What really worries me about travel is my insomnia and chronic pain. I still can’t sit on a soft surface, despite experience massive improvement in pelvic stability since dedicating myself to a challenging core workout routine. I’ve even returned to running—a huge, happy milestone—but sitting on a soft surface (like a plane seat) is almost impossible. Something about cushioned seating makes my pelvis shift, which causes instant misery. I plan to stand as much as possible and kneel in my seat if I have too. I’m a small person, so hopefully I can do what I need to do without bothering my fellow travelers. If not, I guess I’ll probably end up inspiring someone’s bitchy Facebook post about a squirming seatmate. Sorry in advance.

I always worry about an impending attack of cervical dystonia, and change is my enemy as far as muscle spasms are concerned. I’m going to try to fit my cervical pillow into my suitcase so at least I’ll have a familiar place to rest my head and neck at night. Flying up the coast and sleeping in an unfamiliar bed worry me, but I refuse to let my sketchy health rule my life.

I bought some homeopathic zinc lozenges today and will use Counter Attack supplements to try to help my body through the germs it’ll encounter in airports and new cities. I also bought some hypoallergenic cleansing wipes and will make sure to scrub my phone with wipes, too. I’m not paranoid, just realistic, and I imagine anyone with chronic pain and/or chronic disease can relate.

Custom Bicycle for Painless Cycling

bike handlebar extender
Tall handlebars and a parrot horn. Yes!

I sold my road bike several years ago and bought a grandma cruiser. Cervical dystonia and three herniated discs made it impossible for me to comfortably get into an aerodynamic cycling position, but I didn’t want to give up biking after already sacrificing so much to chronic pain. The cruiser I bought is a hybrid bike with plenty of gear choices, and I added some skull stickers to make me feel better about riding a dorky bike. I love it, but until recently, the positioning was still off.

My neck gets very angry if I have any weight come through my left arm for an extended period of time, and the factory setup of the cruiser had me leaning forward too much. I raised the handlebars and lowered the seat as much as safely possible, but still no dice. The local bike shop fixed me up with a custom handlebar extender, and now I’m a much happier cyclist.

extended handlebars
Look how high the handlebars are in relation to the seat.

The extension piece itself is simple—a metal tube that allows the bike’s handlebars to sit up taller than they normally could. Unfortunately, the installation wasn’t so simple. All of the cables on the front of the bike were too short to accommodate the taller handlebars, so the bike technician had to put in all new cables. The labor took about an hour, but when the tech was done, I finally had a bike I could ride comfortably.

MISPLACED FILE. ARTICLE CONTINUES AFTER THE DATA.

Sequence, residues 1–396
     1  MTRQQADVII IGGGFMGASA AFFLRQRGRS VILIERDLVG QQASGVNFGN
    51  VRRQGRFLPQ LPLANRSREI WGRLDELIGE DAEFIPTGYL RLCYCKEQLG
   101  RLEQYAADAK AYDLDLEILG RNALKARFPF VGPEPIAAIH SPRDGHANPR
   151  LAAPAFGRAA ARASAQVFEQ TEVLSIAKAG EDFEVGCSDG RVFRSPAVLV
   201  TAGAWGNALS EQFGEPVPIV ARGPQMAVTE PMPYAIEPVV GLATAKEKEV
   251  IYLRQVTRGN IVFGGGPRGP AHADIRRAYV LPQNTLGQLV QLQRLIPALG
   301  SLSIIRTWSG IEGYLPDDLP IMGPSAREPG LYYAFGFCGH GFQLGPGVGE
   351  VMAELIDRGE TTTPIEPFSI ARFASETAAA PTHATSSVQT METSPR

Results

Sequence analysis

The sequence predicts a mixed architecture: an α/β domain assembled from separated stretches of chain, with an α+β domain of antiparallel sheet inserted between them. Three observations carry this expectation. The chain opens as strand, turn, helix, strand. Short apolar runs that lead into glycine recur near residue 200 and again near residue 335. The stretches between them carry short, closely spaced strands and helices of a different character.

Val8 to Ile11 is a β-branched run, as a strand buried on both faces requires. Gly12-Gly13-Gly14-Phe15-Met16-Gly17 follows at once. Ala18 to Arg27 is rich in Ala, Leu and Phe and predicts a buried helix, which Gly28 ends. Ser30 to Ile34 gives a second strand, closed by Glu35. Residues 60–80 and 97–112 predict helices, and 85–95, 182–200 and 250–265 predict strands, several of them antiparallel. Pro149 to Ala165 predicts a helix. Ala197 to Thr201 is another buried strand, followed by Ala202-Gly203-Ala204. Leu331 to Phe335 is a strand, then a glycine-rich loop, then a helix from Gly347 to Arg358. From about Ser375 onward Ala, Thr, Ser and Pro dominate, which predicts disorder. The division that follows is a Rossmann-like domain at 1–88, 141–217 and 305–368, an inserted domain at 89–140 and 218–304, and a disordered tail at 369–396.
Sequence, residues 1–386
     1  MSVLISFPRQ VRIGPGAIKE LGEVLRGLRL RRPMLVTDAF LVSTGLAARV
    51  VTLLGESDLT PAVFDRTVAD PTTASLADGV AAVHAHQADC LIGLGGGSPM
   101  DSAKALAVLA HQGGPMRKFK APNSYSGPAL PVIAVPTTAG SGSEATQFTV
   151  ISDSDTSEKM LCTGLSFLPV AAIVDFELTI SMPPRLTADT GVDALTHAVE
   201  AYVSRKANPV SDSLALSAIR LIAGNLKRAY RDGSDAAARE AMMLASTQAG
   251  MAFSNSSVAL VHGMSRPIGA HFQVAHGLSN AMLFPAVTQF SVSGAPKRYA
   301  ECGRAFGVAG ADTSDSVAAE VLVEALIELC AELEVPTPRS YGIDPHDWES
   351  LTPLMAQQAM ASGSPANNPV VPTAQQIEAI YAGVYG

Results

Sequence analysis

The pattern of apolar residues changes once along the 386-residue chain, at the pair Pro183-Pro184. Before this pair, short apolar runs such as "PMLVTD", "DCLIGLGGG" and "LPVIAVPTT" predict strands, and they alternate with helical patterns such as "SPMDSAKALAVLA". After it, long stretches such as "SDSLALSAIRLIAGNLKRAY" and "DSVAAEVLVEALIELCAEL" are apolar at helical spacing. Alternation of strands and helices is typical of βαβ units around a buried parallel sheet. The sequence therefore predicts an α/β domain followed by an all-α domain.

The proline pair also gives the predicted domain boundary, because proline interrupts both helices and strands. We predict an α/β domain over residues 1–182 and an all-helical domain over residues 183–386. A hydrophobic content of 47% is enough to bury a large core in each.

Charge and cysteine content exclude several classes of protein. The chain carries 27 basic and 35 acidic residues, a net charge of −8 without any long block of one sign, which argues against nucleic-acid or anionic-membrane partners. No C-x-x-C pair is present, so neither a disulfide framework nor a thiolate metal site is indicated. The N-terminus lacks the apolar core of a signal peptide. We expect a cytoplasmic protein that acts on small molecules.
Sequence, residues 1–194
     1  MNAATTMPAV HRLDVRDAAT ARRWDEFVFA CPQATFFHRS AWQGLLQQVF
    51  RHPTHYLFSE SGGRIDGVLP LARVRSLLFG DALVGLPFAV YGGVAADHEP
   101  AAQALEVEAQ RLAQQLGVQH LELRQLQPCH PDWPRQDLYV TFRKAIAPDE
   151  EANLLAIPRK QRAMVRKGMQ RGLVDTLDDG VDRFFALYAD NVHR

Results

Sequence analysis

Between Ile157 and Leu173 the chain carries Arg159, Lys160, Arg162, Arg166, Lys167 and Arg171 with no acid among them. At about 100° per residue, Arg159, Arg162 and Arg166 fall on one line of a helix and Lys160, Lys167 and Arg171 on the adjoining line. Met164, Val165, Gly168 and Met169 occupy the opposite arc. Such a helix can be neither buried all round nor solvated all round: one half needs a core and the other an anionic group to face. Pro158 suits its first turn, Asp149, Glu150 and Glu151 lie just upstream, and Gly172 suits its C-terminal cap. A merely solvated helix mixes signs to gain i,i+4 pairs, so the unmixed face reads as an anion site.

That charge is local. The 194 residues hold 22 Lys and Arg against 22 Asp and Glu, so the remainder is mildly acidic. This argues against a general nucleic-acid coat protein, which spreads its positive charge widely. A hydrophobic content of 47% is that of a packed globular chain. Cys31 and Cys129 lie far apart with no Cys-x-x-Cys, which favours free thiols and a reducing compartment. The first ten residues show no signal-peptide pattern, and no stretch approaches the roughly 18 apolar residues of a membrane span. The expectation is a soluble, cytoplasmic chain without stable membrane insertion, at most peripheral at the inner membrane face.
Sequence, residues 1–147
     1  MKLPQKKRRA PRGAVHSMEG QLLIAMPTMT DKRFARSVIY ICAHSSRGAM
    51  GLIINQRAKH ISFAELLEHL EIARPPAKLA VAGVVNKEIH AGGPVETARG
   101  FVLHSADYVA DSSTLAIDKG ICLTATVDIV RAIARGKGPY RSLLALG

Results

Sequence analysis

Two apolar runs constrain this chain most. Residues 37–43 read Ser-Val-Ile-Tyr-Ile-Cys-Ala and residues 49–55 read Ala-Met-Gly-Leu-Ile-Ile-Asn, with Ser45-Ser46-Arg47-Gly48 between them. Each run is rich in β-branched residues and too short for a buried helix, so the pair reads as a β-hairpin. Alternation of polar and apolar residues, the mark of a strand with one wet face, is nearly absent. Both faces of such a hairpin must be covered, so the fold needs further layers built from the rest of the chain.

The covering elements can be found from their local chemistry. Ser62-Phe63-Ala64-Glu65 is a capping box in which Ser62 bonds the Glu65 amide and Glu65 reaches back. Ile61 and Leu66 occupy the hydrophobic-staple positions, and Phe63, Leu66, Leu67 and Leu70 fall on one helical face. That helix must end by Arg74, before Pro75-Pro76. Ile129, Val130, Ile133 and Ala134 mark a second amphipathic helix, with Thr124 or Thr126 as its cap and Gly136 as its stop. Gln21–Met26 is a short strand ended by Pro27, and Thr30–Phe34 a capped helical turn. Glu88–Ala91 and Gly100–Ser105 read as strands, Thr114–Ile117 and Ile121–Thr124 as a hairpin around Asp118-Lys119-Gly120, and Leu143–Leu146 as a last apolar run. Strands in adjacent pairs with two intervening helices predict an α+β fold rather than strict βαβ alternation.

Exercising with fibromyalgia and chronic pain takes a bit of creativity, but if you’re committed, there’s usually an answer to most problems. I now sit so upright on my bike that it’s probably comical for people who see me pedal by, but I don’t care. I can ride without neck pain, and that’s worth the dork factor.

Cupping for Pain Relief

cupping bruise
It’s like a circular hickey on my calf.

Try to imagine giant leeches sucking your legs for five minutes, and you’ll get the general idea of what goes on during cupping. I tried cupping to help increase circulation and aid healing in my damaged leg muscles, and for a week I sported round bruises on my calves and thighs.

I’m always up for trying a new way to relieve chronic pain, even if the treatment leaves me looking like I was attacked by an octopus. My back and hip are still giving me fits, despite having had some recent good results with specialized physical therapy. I guess this is the nature of fibromyalgia—a few steps forward and at least one step backward.

The actual cupping experience was a lot more painful than I imagined it would be, but after a minute, the pain eased up a bit. I stayed still on a treatment table for five minutes while the cups did their magic, and by the final minute, my legs were still uncomfortable, but not nearly as bad as the first minute.

When the PT opened his case and showed me rows of cups and an apparatus to make them suction to my legs, I knew I was in for a unique experience. I didn’t get the results I’d hoped for—mainly reduced pain—but at least I tried. I’ve heard that some people swear by cupping, but it’s not for me. My favorite healing tool is a lot more soothing—soaking in the hot tub.